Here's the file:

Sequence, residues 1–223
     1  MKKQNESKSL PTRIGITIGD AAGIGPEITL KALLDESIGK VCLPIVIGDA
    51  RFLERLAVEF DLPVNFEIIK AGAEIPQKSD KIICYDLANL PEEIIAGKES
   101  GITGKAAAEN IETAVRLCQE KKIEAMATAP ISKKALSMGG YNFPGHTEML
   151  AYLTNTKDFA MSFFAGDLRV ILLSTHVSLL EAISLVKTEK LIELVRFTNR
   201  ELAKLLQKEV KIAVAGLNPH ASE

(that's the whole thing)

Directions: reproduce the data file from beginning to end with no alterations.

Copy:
Sequence, residues 1–223
     1  MKKQNESKSL PTRIGITIGD AAGIGPEITL KALLDESIGK VCLPIVIGDA
    51  RFLERLAVEF DLPVNFEIIK AGAEIPQKSD KIICYDLANL PEEIIAGKES
   101  GITGKAAAEN IETAVRLCQE KKIEAMATAP ISKKALSMGG YNFPGHTEML
   151  AYLTNTKDFA MSFFAGDLRV ILLSTHVSLL EAISLVKTEK LIELVRFTNR
   201  ELAKLLQKEV KIAVAGLNPH ASE